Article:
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project

Visualising the Sensemaking Space

Background

This project closely relates to the Visual Analytics for Sensemaking project. Please check that project webpage for the introduction on sensemaking.

A published paper describing the idea and a link to a online demo are available on this page.

The goal of this project is to understand how users make sense of data by visualising and analysing the sensemaking process that is represented as a sequence of high-dimensional vectors.

In this project, we describe each step in sensemaking with a ‘provenance vector’, that includes all the information necessary to reconstruct the visualisation state. This includes information such as what data are displayed and how they are visualisation.

Using the Gapminder as an example (see the screenshot below), the vector includes information such as what the x and y axis represent, what are the colour and size of each circle, and the year of the data.

Gapminder

As the user explores the data, he/she may change the year, select different attribute for the axis (e.g., showing ‘population’ instead of ‘income’ on the x axis), and so on. Each such change updates the ‘provenance vector’, and a sensemaking process can be described as a temporal sequence of such vectors (the left of the top figure). Such sequences (called ‘provectories’ in the paper) can be projected into lower dimensions with methods such as t-SNE or UMAP (the middle of the top figure). It is also possible to show the traces of many user sessions together to see if there is any similarity or difference (the right of the top figure).

Research Questions

Once the sensemaking process is captured, it can be analysed by either visualisation or machine learning to identify any interesting patterns:

For single user, such patterns can be:

  • Are there any frequent patterns, i.e., a sequence of actions that appear multiple time? If so, what does this mean, i.e., why was the user doing this?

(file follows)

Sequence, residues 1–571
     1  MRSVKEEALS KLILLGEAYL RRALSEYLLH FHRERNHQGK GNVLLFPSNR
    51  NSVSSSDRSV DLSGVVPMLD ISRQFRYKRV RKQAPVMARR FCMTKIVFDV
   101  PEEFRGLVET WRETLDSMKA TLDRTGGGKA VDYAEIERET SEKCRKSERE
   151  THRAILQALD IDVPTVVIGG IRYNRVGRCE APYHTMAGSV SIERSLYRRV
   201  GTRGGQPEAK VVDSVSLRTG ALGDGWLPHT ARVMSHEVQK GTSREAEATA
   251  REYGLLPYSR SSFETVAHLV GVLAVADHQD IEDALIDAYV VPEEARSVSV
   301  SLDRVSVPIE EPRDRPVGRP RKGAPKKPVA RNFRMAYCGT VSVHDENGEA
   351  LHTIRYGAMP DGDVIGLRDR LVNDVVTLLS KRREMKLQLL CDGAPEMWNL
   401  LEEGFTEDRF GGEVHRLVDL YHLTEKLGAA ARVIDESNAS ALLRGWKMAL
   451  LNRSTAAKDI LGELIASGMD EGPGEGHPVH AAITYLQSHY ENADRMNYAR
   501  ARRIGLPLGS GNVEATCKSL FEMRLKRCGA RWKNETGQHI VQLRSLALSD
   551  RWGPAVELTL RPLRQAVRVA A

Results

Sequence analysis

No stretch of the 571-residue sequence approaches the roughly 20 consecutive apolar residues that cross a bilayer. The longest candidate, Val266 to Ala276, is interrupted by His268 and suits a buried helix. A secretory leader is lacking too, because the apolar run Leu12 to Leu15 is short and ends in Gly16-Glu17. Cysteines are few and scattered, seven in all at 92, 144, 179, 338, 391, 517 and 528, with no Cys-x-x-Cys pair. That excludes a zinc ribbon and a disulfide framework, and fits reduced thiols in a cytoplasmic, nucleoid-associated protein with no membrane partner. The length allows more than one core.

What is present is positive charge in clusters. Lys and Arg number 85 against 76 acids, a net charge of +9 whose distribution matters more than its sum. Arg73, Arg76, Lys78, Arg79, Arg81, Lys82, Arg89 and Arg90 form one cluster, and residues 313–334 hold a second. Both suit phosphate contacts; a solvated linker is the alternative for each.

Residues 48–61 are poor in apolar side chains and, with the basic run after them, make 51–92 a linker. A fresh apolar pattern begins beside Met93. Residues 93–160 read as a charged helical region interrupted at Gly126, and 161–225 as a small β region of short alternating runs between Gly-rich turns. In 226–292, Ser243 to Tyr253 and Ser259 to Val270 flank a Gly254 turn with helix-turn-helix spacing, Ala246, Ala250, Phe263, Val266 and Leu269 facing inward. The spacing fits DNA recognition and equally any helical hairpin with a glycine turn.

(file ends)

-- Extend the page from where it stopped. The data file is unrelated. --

• Is it possible to infer the analysis actions, such as comparing two similar states or analysing the clustering in the data?
  • Is it possible to infer what strategy the user is using, such as a depth- or breadth-first search?
  • Is it possible to show what data have been explore and what hasn’t?
  • Is it possible to infer when a user is stuck and can use some help with further analysis?
  • Did the user find the answer, and what is it?

There are also many interesting questions about a group of users, such as:

  • What are the differences and similarities among the user sequences?
  • Is it possible to tell who are the experts and who are the novices?

As mentioned, visualisation and/or machine learning can be used to answer these questions.

Required knowledge and skills

  • Data Visualisation: An User Interface (UI) is needed to:
    • Present the provectories to the users in a visual and easier-to-understand way;
    • This can be done for the users, so they can use the information to improve their sensemaking process, or
    • This can be done for the researchers who want to understand how users conduct sensemaking and how the tool can be designed to support this.
  • Machine Learning can be used together with the visualisation to answer the research questions listed earlier:
    • Machine learning can be used to identify frequent patterns, infer user task and strategies, and so on;
    • Machine Learning can also be used to provide proactive support, for example, detecting when user is stuck and provide personalised support. This is related to the Human-AI Teaming project.
  • Programming
    • The existing UI is programmed in JavaScript mostly using libraries d3.js.
    • Python is the recommended language for the Machine Learning and NLP. Python libraries such as Scikit-Learn and spaCy are recommended for the machine learning and NLP respectively.